Fine Print: U.S. Quick to Classify Words of Abu Zubaida
Has the U.S. government improperly classified the words and writings of Abu Zubaida, a high-value detainee now being held at Guantanamo Bay?
In a motion made in May in federal district court, attorneys for Abu Zubaida -- the nom de guerre of Zayn al-Abidin Muhammed Hussein -- wrote that the government was classifying what the prisoner was telling them, what he wrote in his diaries before being captured and during his seven years of captivity in Cuba, and even information that they had learned from public documents that he could not possibly know. Many sections of that motion itself -- from lawyers Joseph Margulies, George Brent Mickum IV and Baher Azmy -- are redacted in the recently declassified public version.
While the executive order authorizing classification requires the information to be "owned," "produced," or "controlled" by the U.S. government, Abu Zubaida's attorneys say the Justice Department has made a novel argument, that "to detain a prisoner creates a new, parallel authority to classify any and all utterances made by that prisoner for the period he is incarcerated." "Control" means government control over the agency that originates the information, not control over Abu Zubaida "by virtue of its power as a jailer," say his attorneys.
They acknowledge that the government controls access to their client and can limit his access to third parties but say that "authority to make information within a prisoner's knowledge secret does not similarly follow."
For years, under the system established for Guantanamo Bay detainees' attorneys, civilian lawyers had to sign agreements saying they would treat as classified any information their clients told them and leave their notes to be declassified by the government. The agreements also require them not to tell their clients information they learn about their cases that has not been cleared by the government, and to submit all their legal motions to be cleared before they can be made public. In addition, they cannot discuss their clients' cases with lawyers defending other detainees.
As a result, Abu Zubaida's attorneys argued in a second motion cleared June 22 for public release, they "cannot discuss [all] aspects of the litigation" with their client. They also cannot discuss all the information learned from their client with investigators, experts and other potential witnesses. And they cannot "correct public misperceptions" about Abu Zubaida, which they say the government created.
Take the issue of the waterboarding of Abu Zubaida, which was first officially acknowledged in February 2008 by the Bush administration and the CIA. A 2005 Justice Department memorandum recently released by the Obama administration said that the detainee was waterboarded "at least 83 times during August 2002."
Abu Zubaida's attorneys asked in their May filing why their client cannot be permitted to respond and explain what happened. "If Petitioner [Abu Zubaida] were able to respond, he would inform the public that [REDACTED] . . ." The government has argued that some of the details of Abu Zubaida's knowledge of the CIA's past detention and rendition programs includes details of activities that are still legal or secret. That could be, for example, the locations of former CIA secret prisons and complicity of foreign governments. In the declassified version of the lawyers' first motion, the government blacked out footnotes to some but not all published articles that listed where the CIA "black sites" may have been located, indicating that the redacted stories may have identified the correct countries.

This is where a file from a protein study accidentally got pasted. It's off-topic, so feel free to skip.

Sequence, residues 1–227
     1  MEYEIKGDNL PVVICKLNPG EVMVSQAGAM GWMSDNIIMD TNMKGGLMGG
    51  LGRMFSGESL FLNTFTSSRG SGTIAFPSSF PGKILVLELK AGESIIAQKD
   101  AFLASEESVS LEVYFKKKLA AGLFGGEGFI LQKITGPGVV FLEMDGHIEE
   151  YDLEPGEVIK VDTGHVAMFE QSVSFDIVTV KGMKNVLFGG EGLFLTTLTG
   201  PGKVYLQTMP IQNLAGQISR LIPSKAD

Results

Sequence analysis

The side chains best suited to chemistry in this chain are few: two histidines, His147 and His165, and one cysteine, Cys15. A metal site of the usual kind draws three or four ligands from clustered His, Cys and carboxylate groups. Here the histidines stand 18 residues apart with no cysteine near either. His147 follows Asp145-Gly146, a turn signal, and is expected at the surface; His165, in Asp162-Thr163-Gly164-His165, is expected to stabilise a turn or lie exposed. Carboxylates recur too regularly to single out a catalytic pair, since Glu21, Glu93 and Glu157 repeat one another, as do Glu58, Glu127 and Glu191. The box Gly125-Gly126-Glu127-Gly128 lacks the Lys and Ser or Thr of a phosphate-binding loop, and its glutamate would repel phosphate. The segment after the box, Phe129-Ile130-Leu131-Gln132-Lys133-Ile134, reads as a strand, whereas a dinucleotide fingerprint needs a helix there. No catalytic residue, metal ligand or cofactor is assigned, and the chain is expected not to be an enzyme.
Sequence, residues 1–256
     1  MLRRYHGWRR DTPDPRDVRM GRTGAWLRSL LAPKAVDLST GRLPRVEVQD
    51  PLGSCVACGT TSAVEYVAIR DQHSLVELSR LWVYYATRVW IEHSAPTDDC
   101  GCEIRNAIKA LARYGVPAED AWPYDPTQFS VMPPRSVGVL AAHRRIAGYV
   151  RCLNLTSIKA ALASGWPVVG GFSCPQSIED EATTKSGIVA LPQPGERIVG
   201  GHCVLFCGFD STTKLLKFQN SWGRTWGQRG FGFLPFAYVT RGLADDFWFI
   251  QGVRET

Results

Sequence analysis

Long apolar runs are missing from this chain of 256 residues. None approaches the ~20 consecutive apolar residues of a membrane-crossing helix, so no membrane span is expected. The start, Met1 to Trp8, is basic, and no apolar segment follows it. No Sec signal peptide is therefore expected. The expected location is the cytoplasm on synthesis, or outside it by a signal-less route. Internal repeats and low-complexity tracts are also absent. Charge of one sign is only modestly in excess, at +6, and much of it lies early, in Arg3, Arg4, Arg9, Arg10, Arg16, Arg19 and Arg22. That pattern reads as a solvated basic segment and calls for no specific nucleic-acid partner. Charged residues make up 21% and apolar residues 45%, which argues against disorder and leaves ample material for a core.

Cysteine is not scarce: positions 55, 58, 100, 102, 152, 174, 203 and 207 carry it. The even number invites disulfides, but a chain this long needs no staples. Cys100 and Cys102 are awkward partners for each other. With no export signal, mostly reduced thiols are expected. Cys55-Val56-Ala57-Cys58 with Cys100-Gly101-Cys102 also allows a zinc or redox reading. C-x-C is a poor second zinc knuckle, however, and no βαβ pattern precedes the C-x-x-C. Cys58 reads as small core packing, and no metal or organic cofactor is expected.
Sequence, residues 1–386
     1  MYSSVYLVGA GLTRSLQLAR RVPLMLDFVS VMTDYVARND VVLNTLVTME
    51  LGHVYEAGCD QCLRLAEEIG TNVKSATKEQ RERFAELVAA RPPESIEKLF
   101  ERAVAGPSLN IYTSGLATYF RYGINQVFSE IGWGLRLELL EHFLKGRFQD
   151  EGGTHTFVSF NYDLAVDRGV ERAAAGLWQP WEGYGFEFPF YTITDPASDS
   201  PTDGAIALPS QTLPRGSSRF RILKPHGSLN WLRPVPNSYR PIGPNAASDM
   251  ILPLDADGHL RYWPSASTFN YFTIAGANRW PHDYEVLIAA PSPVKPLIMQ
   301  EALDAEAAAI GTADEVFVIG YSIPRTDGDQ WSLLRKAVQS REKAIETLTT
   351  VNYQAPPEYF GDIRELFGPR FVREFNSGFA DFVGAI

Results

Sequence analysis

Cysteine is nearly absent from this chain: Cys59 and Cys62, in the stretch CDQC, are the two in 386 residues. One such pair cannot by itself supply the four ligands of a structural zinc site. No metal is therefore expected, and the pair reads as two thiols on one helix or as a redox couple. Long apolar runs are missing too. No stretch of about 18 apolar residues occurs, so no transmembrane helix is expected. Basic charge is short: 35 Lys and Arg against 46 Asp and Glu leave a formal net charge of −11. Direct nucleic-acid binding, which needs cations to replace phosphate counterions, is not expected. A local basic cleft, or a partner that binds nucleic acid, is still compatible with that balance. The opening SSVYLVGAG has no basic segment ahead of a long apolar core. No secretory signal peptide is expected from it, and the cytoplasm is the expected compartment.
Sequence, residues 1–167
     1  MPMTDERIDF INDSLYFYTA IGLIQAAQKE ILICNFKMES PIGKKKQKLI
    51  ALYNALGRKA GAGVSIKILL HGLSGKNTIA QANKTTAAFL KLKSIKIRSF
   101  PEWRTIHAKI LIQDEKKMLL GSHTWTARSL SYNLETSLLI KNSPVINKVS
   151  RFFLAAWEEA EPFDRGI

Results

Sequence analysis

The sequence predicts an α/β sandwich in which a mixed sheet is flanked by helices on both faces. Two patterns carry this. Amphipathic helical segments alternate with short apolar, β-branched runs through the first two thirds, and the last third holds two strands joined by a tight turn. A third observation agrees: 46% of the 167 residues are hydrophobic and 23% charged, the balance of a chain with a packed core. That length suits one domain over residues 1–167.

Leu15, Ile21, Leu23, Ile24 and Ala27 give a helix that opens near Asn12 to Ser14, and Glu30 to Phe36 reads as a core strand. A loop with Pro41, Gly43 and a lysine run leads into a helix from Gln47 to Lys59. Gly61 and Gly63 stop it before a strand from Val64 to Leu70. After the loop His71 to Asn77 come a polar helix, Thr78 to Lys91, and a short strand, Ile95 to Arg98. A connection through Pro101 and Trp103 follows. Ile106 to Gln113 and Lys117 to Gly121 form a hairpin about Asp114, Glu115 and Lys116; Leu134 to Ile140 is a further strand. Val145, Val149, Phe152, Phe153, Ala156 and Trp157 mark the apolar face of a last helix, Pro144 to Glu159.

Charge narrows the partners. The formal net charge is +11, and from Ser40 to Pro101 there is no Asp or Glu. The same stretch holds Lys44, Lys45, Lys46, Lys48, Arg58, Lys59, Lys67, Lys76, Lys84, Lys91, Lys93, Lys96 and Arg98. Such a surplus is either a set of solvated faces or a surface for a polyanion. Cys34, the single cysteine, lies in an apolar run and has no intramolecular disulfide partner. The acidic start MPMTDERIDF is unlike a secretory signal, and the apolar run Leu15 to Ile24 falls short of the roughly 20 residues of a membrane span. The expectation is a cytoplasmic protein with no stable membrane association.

Abu Zubaida's writings are being used against him but being withheld from the public. For example, within days of the Sept. 11, 2001, attacks, according to a summary of his diary entry read aloud at his military tribunal hearing on March 27, 2007, the Palestinian detainee wrote that he was buying and storing weapons as part of a plan that Osama bin Laden devised in expectation of U.S. military action.
At the tribunal hearing, which was designed to inform Abu Zubaida of the charges against him, a summary was read of an entry from early 2002 in which he wrote that he would wage war against the United States, using explosive attacks, attacking gas stations and fuel trucks.
In all, Abu Zubaida has nine handwritten volumes of diaries. Six of them, totaling about 1,500 pages, were written before he was captured, and three were composed after his capture. So far, the government has kept all nine volumes sealed, though they are apparently considered unclassified. Even the government's court motion on their status has remained sealed.
Abu Zubaida's attorneys also say the government, when it wants, declassifies in what appears to be arbitrary ways. They use as an example the release of a declassified version of the transcript of Abu Zubaida's Guantanamo Bay tribunal, including the detainee describing his "months of suffering and torture," but not the details of what was done.
The lawyers argue that the material should never have been classified in the first place. They add, however, that they still have yet to receive "an unredacted complete transcript" of the 2007 tribunal.